Monday, April 19, 2021

Third Sunday of Easter

As today’s Gospel opens, the disciples, gathered in the room, are hearing the account of the two disciples who have just returned from Emmaus after a powerful experience of meeting the Risen Jesus. All of a sudden there is Jesus among them. And he says to them, “Peace be with you.” They were dumbfounded and could scarcely believe their eyes.

The disciples’ first reaction, however, is one of fear and trepidation, not joy. They were terrified. Jesus is dead and so this must be his ghost. “Why are you troubled?”, Jesus says, “And why do questions arise in your hearts?” But Jesus reassures them. He invites them to touch him and feel that he is real. He shows them the wounds of his crucifixion on his hands and feet.  “A ghost does not have flesh and bones as you can see I have,” it’s not your imagination. He was alive! How can this be? After all, they thought that they had lost Jesus forever. In one sense, this is not the Jesus who died on the cross, it is the resurrected Jesus. He can appear through closed doors and in different locations, but it is still the same Jesus they had always known.

Now their feelings turn to inexpressible joy. As they look on him with a mixture of happiness and wonder, he pushes them a bit further and asks for food to eat. I’m sure that was a surprise. Ghosts don’t eat! Jesus is truly risen; he is still fully in our world and part of it, although in a very different way from before Good Friday.

He now, as he did with the disciples on their way to Emmaus, explained how what had happened to him was all clearly foretold in the Scriptures. His suffering and death were not tragedies; his resurrection was no surprise. It was all part of God’s plan. But it doesn’t stop there. In the name of that Jesus who suffered, died and rose, forgiveness of sin, that is, total reconciliation with God, was to be proclaimed to the whole world. The First Letter of John says: “Jesus is expiation (sacrifice) for our sins, and not for our sins only but for those of the whole world.”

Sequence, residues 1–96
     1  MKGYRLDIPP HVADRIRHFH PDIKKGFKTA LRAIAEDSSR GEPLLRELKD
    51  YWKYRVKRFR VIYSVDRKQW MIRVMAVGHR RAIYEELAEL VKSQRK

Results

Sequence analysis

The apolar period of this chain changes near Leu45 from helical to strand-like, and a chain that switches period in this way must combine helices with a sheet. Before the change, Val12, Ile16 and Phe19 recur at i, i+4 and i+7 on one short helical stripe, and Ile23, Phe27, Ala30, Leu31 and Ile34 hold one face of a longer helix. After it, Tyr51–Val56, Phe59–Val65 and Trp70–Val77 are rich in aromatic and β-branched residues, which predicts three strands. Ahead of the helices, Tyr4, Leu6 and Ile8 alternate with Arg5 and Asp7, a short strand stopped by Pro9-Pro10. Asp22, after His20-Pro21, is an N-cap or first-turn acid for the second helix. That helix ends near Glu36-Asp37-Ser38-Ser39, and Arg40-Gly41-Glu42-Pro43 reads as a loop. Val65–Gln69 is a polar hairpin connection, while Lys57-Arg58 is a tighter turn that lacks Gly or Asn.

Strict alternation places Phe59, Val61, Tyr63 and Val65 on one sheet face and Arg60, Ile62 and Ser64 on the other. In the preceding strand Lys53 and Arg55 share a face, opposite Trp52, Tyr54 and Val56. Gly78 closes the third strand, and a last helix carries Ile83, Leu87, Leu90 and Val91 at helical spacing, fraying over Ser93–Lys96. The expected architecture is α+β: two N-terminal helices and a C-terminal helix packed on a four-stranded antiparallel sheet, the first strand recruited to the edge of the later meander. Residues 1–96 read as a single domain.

And then comes their mission mandate: “You are witnesses to this.” (the Resurrection) We see this mission being carried out as Peter speaks to the people in today’s first reading. He explains the real meaning of what happened to Jesus and how they are to respond to the message. “Repent, therefore, and be converted, that your sins may be wiped away.”

Obviously, this mission and mandate is also for us. It is not enough for us just to hear the message and implement it in our own lives, as we sometimes think that it is all that is required of us. Again, in the second reading from the First Letter of John we hear: “The way we may be sure that we know him is to keep his commandments. Those who say, ‘I know him,’ but do not keep his commandments are liars, and the truth is not in them.” Strong words.      

It is clear that by “keeping the commandments” he means, above all, the need to follow the commandment of unconditional love, to love others as he has loved us. Years ago there was a brother here who used to say, “I don’t have to like you, but I have to love you.”

Jesus has invited us to touch his wounded hands and feet and allow us to be more convinced of his profound love. St. Bernard reminds us that, “The wounds of the Savior are a place of firm security for the weak.”                 

It’s unfortunate that the phrase: ‘unconditional love’ and the word, ‘peace’ has become so trivialized in recent decades. They were the ‘feel good’ words of the 1970’s. I used to cringe whenever I would hear them used in a way that displayed absolutely no understanding of what they really meant. Unconditional love is not about having warm and fuzzy feelings for other people, and peace is much more than just the absence of conflict. If you really want to know what unconditional love is about, gaze on the crucifix. There is no greater love than that.

In an Easter message in 2003, Pope St. John Paul II said: “Peace is born from the deep renewal of the human heart. It is not the result of human efforts, nor can it be achieved only through agreements between persons and institutions. Rather, it is a gift to be accepted with generosity, to be preserved with care, and to be made fruitful with maturity and responsibility. However troubled the situation may be, nothing can resist the effective renewal brought by the risen Christ. He is our peace.” (Easter message, April 23, 2003)

It is for each one of us to ask ourselves how effectively we communicate this message of unconditional love and Christ’s peace to one another. The truth is we often fail, but how often do we try? Our efforts will never be perfect, but the results of our efforts will spill over the walls of this monastery and into the larger Church, and indeed, into the whole world. That is our mission as contemplatives: to bear witness to the Risen Lord. From that we learn humility and gain courage from the Risen Christ to continue the path of holiness.

The fullness of Christ’s victory over sin and death is communicated to us by that one word, “peace.”

May Christ’s peace reign in your hearts during this Easter season.

Photograph by Brother Brian. This Sunday's homily by Father Emmanuel.